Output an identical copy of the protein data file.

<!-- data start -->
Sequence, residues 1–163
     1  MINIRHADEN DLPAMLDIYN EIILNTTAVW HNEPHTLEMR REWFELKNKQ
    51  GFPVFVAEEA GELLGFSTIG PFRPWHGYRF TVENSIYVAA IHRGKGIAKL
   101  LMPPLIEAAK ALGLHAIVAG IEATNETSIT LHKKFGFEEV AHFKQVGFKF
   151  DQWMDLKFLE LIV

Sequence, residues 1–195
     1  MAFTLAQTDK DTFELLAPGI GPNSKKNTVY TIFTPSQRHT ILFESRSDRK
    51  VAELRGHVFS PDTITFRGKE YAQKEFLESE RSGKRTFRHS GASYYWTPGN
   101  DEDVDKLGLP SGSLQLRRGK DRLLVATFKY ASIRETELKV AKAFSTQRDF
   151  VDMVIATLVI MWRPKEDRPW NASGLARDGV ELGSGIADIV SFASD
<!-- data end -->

Sequence, residues 1–163
     1  MINIRHADEN DLPAMLDIYN EIILNTTAVW HNEPHTLEMR REWFELKNKQ
    51  GFPVFVAEEA GELLGFSTIG PFRPWHGYRF TVENSIYVAA IHRGKGIAKL
   101  LMPPLIEAAK ALGLHAIVAG IEATNETSIT LHKKFGFEEV AHFKQVGFKF
   151  DQWMDLKFLE LIV

Sequence, residues 1–195
     1  MAFTLAQTDK DTFELLAPGI GPNSKKNTVY TIFTPSQRHT ILFESRSDRK
    51  VAELRGHVFS PDTITFRGKE YAQKEFLESE RSGKRTFRHS GASYYWTPGN
   101  DEDVDKLGLP SGSLQLRRGK DRLLVATFKY ASIRETELKV AKAFSTQRDF
   151  VDMVIATLVI MWRPKEDRPW NASGLARDGV ELGSGIADIV SFASD